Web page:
David Prior reports what happens when one of your dogs gets loose and decides to go after a skunk, which does what skunks do, after which the dog runs right into the house. You know it's pretty bad when National Grid shows up because the downstairs neighbor called to report what he thought was a gas leak.
Ed. English-usage question: The Herald calls city councilors "solons." When did that happen? I thought only senators were "solons." And now I find myself wishing for a story involving solons and jakes.
Fabulously Out There, who does not have air conditioning, came home last night to find her dog really, really hot:
... So I did what any normal person would do....I opened the freezer and made him stand in it.
Worked like a charm.
No, I did NOT close the door on him. He was standing right next to my ice cream and you could tell he was totally cooling down. All that was missing was steam coming off his fur. Once he felt sufficiently cool to the touch, I took him out and made him sleep in front of the fan. ...
Michael Pahre reports getting a robo-call from some company asking if he knew the whereabouts of some lost cat in his neighborhood:
... How much does this service cost? A lot! Prices range from $65 for 250 robo-calls (suitable for a low-density rural location) to $425 for 5000 robo-calls in a dense, urban environment.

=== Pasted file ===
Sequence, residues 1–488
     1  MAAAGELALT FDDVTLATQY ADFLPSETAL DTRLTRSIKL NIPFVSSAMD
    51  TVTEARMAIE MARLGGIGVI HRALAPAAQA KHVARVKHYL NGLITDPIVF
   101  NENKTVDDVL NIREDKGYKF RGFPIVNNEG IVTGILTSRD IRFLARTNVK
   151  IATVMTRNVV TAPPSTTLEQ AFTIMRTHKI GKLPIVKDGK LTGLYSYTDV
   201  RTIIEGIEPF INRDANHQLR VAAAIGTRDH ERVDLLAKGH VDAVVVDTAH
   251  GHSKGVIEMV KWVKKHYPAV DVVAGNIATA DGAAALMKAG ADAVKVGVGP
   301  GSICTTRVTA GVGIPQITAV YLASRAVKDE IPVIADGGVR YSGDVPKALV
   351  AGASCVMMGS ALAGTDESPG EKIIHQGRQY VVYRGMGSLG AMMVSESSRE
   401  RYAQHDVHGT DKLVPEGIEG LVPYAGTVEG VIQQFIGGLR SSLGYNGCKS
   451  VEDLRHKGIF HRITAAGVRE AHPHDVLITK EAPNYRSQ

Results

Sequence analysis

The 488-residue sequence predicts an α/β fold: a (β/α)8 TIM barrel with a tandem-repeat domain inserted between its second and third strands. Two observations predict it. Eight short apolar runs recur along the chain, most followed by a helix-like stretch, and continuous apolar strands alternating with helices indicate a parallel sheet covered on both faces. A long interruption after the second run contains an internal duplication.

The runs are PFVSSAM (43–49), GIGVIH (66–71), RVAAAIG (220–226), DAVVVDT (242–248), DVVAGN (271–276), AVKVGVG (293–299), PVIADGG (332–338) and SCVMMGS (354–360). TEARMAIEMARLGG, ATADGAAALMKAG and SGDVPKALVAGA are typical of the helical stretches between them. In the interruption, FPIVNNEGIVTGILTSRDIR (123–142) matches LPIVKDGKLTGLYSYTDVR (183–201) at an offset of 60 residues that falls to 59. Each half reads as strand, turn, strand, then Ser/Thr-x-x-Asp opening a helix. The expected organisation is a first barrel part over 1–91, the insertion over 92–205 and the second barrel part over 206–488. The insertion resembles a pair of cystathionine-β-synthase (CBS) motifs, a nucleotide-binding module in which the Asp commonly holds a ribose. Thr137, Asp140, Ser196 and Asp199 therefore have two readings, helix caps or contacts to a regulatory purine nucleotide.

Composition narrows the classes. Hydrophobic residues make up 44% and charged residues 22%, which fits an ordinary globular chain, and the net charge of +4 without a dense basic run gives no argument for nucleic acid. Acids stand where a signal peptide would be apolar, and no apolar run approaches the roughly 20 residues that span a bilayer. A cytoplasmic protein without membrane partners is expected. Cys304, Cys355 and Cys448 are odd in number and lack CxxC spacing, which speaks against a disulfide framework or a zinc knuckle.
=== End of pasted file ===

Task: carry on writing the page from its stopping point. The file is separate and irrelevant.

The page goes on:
Note that the organization's website claims that they are exempt from the National Do Not Call Registry, which would explain why their call went through to my house despite having registered my phone number with the list.
... If you think dogs and cats should not be used and returned like ZipCars, now's the time to do something about it. Waiting even a few weeks could be too late. FlexPetz, which rents companion dogs by the hour or day, is poised to open in Boston soon. Once the door is open, other pet rental businesses will follow. All aggressively promote the "disposable pet" mindset, to the detriment of animals--and those of us dedicated to rescuing them. ...
Ashley reports seeing a guy taking a pig for a walk through Boston Common this afternoon:
... This might not have fazed me if I had been in Cambridge, but I am more used to seeing horses or stockbrokers on this side of the Charles. ...
Carver Just Became a 3-Legged Dog tells the story of a Jamaica Plain dog who lost a leg to cancer.
Spatch posts the bulletin that Abbie the cat is back where he belongs tonight - and eating up a storm, but otherwise none the worse for wear.
Apparently, Abbie never went very far even as Spatch, his roommates and a whole lot of other people fanned out across greater Davis Square looking for him - he was holed up in the "bahn" of the house next door:
Tracy was at home so once I got the message and told him, he dashed out to check. Abbie had, at that point, wandered past our house to the house on the other side and was busy in their side yard. Tracy got the cat's attention, whereupon Abbie walked right by him and up our driveway. Tracy then carefully followed the cat, knowing full well there was probably Scared Cat going on, but near the back of the driveway, Abbie turned around and let the big-but-not-so-scary-guy-who-looks-kinda-familiar approach.
Once inside, Abbie quickly ran up the stairs, over to the dining room where his food dish was supposed to be (it was still in the house trap at that point) and began to loudly complain. ...
Another dog gets shocked, in South Boston, but lives.